U.S. patents to be more narrowly interpreted
By Marc E. Brown, Esq., photograph by Gary Laufman - February 1, 2001
Many years ago, significant differences between patents and products accused of infringing patents often went unnoticed by juries because they couldn't understand the technologies. As a consequence, avoiding a charge of infringement was difficult. On the other hand, significant enhancements in technologies sometimes were mistakenly found by judges to have been "obvious," leading to determinations of patent invalidity.
|If the opinion was based on the "doctrine of equivalents," a different opinion might well be given now|
Today, the environment for patents is much different. It's usually very hard to prove that a patent is invalid. The courts give great weight to the decision made by the U.S. Patent & Trademark Office to issue a patent. Now defendants bear the burden of proving invalidity and can only carry this burden by evidence that is "clear and convincing." This is higher than the "preponderance of evidence" standard used in most civil litigation.
At the same time, however, the courts are becoming far less willing to allow patents to be interpreted broadly and have shifted the responsibility for interpreting patents from juries to judges, who often favor a narrower interpretation.
One of the most controversial infringement principals has been the "doctrine of equivalents." The scope of an invention is defined in a patent by a list of components called a "claim." (A claim also can recite a list of steps in a process. And there can be several claims.) To infringe, the accused product must contain each component listed in one patent claim. This is known as the "all elements rule."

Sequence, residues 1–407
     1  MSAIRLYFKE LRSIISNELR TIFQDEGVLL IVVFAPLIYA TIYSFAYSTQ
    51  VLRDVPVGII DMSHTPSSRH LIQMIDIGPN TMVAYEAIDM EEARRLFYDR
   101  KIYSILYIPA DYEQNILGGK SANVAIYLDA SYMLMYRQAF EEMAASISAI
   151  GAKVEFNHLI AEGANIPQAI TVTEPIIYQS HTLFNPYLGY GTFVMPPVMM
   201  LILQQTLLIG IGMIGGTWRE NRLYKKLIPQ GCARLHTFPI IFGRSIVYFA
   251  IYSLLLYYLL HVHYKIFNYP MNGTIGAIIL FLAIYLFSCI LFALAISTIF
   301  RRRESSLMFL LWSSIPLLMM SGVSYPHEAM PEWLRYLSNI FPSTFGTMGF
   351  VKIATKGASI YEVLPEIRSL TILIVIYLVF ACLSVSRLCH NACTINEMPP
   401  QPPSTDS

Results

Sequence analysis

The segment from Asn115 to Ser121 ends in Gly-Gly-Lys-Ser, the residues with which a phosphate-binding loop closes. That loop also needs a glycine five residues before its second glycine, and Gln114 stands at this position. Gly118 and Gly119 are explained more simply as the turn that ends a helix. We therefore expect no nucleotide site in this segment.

The "doctrine of equivalents" is an exception to the all elements rule. Under this doctrine, an accused product will infringe a patent claim, even if it lacks a component listed in that claim, if it contains a corresponding component that is only "insubstantially different." The U.S. Supreme Court created and maintained this doctrine to prevent an insignificant difference from circumventing a patent.
However, the United States Court of Appeals for the Federal Circuit-the subordinate court that determines all patent appeals-has disliked the doctrine of equivalents because its reach is often hard to predict. In what arguably is an end-run around the Supreme Court, the Federal Circuit surprised many at the end of last year by severely restricting the availability of this doctrine. In Festo Corp. v. Shoketsu Kinzoku Kogyo Kabushiki Co., the Federal Circuit said that this doctrine could not be used to expand the reach of a component that had been added by an amendment-i.e. a component that was not listed in the patent claim at filing but rather was added later during the pursuit of the patent.
Festo is likely to alter the result in several patent infringement cases now underway. Many components in a patent claim are not placed in that claim until after the patent application is filed. Under Festo, an added component will no longer be entitled to any range of equivalents-a mere "insubstantial difference" will avoid infringement.
Companies that have received a legal opinion on the question of infringement should have that opinion re-evaluated. If the opinion was based on the "doctrine of equivalents," a different opinion might well be given now.
Much greater attention also should be given to the patent claims that are filed with the original application. Although components can still usually be added later by amendment, there is going to be a big cost-an infringer may be able to avoid the patent by making an insubstantial change to an added component.
Marc. E. Brown is an EE, partner in the Los Angeles office of Oppenheimer Wolff & Donnelly LLP and Co-Chair of its Internet & E-commerce Group. He can be reached at firstname.lastname@example.org.